The engines, having been cut, left everything in silence and I stared out the window for a long moment, just appreciating the lack of white noise. It had been a long time since I had gotten the opportunity to appreciate real silence. No ship rumbles, no whirs, whines, or fans, just my thoughts, my heart, and my breathing. It was blissful for the 20 seconds that it lasted, then the computer sensed that carbon dioxide levels were rising slightly and the fans on the scrubbing unit came to life. I noted that, had I held my breath, I may have gotten a bit more than 20 seconds of peace.

As I checked the scanner again for any signs of life, my mind wandered to how excited Kathy would have been at this moment. We had trained our whole lives for this moment, all four of us, but I was the only one that had made it. We had all known the risks of traveling 46 lightyears from home and more importantly, it turned out, the risks of spending 80 years frozen in a tin can hurtling through space. As much as I missed them, and had mourned the loss of each one of them, it was hard to dwell on anything but the fact that I had finally made it. Still, something was wrong, I was sensing no life but my own.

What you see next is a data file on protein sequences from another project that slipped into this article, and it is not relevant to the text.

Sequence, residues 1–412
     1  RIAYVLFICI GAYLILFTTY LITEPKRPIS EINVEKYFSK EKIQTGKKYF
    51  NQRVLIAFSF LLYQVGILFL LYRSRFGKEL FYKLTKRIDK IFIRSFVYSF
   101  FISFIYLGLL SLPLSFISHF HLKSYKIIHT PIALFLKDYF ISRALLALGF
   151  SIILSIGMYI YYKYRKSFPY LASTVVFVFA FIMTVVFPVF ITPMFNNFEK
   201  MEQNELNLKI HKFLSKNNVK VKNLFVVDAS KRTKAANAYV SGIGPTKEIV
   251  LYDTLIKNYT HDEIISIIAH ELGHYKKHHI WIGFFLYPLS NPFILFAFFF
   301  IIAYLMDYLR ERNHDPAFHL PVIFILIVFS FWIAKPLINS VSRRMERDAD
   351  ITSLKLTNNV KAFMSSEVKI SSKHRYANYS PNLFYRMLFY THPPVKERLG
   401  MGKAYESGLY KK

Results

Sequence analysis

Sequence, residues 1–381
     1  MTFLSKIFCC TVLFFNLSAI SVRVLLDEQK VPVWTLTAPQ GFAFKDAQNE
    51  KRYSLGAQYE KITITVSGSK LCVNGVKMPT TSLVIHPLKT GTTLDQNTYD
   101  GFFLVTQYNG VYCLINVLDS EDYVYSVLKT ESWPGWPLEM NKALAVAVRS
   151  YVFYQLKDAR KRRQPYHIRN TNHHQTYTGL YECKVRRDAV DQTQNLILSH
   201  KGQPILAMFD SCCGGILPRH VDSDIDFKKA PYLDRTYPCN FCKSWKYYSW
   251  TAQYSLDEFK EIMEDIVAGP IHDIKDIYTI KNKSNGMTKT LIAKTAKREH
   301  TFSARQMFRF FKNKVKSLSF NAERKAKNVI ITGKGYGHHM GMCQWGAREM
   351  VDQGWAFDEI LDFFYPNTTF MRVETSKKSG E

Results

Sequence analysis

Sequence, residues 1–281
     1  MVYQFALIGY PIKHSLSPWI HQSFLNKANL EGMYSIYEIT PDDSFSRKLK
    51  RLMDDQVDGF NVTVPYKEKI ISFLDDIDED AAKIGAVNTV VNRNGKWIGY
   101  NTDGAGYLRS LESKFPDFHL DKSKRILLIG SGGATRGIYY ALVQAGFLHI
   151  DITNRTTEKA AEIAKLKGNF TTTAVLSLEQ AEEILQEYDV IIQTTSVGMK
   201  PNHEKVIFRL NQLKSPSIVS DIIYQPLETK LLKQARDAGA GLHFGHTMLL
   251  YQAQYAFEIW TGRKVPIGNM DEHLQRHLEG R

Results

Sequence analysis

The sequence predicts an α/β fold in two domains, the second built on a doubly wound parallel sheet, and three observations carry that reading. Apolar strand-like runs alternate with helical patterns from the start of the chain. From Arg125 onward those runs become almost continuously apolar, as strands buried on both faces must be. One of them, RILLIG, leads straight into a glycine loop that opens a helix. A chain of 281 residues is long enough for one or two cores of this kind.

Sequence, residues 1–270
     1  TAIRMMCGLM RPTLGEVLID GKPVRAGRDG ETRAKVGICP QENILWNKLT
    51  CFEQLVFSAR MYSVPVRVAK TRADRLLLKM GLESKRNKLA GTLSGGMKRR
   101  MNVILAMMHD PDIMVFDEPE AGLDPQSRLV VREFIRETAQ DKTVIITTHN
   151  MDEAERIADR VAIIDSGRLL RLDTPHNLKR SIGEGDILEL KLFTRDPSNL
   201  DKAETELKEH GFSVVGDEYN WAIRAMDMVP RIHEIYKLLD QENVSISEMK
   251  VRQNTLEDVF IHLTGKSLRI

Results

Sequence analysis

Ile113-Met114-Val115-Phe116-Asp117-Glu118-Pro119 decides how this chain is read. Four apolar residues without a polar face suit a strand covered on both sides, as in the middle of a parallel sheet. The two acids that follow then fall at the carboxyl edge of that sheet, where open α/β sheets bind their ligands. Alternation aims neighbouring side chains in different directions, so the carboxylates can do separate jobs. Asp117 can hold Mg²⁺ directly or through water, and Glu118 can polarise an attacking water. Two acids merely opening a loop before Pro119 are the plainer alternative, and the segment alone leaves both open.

I made my way to the hatch, securing my helmet and let myself out. As the scientists back on earth had determined from so far away, the ships sensors seemed to indicate that the atmosphere could sustain me, though I would just feel a little out of breath all the time, like I was jogging at high altitude. I knew what that felt like, because it was another thing they had made me do in training, it wasn’t pleasant, but the discomfort was manageable. Still, until the computer’s sweep for anything likely to be an airborne contagion was done, I was determined to breath the air that I brought from home. That, however, didn’t mean that I couldn’t take a look around.